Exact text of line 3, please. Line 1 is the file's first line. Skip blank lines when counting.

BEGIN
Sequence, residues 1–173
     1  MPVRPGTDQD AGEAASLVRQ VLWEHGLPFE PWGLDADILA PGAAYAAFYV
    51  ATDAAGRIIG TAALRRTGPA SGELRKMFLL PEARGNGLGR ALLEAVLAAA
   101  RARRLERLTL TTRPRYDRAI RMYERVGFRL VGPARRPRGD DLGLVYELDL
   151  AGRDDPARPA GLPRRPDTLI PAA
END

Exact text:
    51  ATDAAGRIIG TAALRRTGPA SGELRKMFLL PEARGNGLGR ALLEAVLAAA